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Tag: Tom Philpott

When I woke up yesterday and saw the headline, “Organic produce is no healthier or nutritious, finds study,” I was very curious. What exactly did this study look at and how did they come up with their conclusion? Turns out I wasn’t the only one who was interested. Our twitter page blew up with comments and articles on what the study missed. Mark Bittman showed a wee bit of frustration in his tweet:

Ridiculous Study Claims Organic Same as Conventional, irritates anyone capable of thought: http://buff.ly/NaNeKI

The Standford Study, as it is being referred, is a “meta-analysis” of a few hundred previously published research papers on the topic. The researchers reviewed the studies and and summarized the results in the journal, The Annals of Internal Medicine.

The Purpose: To review evidence comparing the health effects of organic and conventional foods.

The Conclusion: The published literature lacks strong evidence that organic foods are significantly more nutritious than conventional foods. Consumption of organic foods may reduce exposure to pesticide residues and antibiotic-resistant bacteria.

While this sounds compelling, there was a whole lot left out. For example, two glasses of milk might be identical when it comes to the amount of vitamin D or calcium, but vastly difference when you start comparing added hormone or antibiotic levels. Also, nutrition is not the only reason why people choose organic. In the last day, I’ve read numerous articles about the Standford Study. To further understand what the study actually did and did not include, I urge you to read these three compelling articles.

5 Ways the Stanford Study Sells Organics Short
by Tom Philpott of Mother Jones

As an investigative journalist, Tom takes a deep dive on the study and points out the multitude of risks that pesticides both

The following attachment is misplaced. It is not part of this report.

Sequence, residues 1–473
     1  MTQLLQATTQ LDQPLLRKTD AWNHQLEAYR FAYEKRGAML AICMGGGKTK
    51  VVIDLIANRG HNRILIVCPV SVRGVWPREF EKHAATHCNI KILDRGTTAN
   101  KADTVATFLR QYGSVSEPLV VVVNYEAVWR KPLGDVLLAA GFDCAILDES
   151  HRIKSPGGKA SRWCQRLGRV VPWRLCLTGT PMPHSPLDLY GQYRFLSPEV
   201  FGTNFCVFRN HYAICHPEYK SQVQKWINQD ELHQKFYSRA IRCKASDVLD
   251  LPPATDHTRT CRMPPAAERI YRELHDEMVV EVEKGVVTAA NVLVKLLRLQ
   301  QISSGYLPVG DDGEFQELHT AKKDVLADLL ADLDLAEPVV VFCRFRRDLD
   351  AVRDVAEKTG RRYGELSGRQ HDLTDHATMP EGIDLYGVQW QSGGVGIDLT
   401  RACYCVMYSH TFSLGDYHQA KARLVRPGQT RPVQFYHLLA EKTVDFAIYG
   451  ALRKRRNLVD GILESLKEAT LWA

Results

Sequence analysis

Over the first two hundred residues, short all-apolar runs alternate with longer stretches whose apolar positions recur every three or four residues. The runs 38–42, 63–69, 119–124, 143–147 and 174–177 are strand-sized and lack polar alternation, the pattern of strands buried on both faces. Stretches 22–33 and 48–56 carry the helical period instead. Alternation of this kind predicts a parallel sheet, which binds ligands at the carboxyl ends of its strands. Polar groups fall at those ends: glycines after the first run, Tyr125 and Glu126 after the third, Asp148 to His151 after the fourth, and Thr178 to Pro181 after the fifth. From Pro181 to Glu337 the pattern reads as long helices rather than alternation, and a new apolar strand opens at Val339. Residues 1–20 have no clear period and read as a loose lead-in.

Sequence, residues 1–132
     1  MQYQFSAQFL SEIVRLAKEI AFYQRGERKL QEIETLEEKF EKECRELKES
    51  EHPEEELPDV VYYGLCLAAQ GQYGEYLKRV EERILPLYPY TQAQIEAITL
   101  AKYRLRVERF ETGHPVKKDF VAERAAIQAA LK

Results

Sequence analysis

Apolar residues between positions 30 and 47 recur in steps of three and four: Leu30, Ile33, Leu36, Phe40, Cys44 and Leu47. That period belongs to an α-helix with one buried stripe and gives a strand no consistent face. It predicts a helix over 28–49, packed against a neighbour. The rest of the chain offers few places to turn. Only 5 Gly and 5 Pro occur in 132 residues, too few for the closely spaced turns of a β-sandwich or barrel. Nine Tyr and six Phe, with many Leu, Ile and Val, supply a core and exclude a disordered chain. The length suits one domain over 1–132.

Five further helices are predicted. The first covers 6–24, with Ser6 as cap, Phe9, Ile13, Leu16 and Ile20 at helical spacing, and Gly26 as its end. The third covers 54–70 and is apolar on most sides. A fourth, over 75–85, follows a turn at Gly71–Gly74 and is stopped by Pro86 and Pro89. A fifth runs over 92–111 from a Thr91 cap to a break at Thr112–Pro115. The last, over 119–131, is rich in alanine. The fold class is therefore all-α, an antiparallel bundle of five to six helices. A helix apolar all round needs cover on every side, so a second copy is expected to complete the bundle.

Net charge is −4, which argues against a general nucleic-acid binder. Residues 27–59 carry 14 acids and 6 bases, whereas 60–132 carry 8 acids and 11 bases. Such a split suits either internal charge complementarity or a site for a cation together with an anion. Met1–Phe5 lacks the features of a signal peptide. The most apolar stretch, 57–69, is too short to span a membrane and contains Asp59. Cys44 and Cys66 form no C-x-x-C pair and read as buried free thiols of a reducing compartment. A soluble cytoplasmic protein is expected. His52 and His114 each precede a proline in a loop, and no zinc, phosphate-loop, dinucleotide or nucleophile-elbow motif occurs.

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When an experience inspires you to see that dream again, motivates you to a place you haven’t felt in a long time, and adds a monstrous log to the fire in your soul, what do you call it? Heaven? For me, it was the 2011 Edible Institute. For 20 hours, over two days, I listened, absorbed, brainstormed, smiled, scribbled, tweeted (#EI2011), consumed, and connected.

If you are not familiar with Edible, they are beautiful magazines filled with everything food-related local to that area, or as they say,  Award Winning Magazines That Celebrate Local Foods, Season by Season. When you so much as glance at an Edible magazine, you know that  it is something unique. The first thing you’ll see is the stunning cover. When you pick it up, the luxuriously thick pages beckon to be flipped and the sumptuous photographs visually devoured. There are almost 70 Edible magazines and publishers flew in from all over the United States and Canada this past Wednesday to attend a publishers’ conference. Starting at 7:30am Saturday, the Edible Institute ignited bringing publishers together with food writers, farmers, activists, artisans, cookbook authors, winemakers, bloggers, and little old me.
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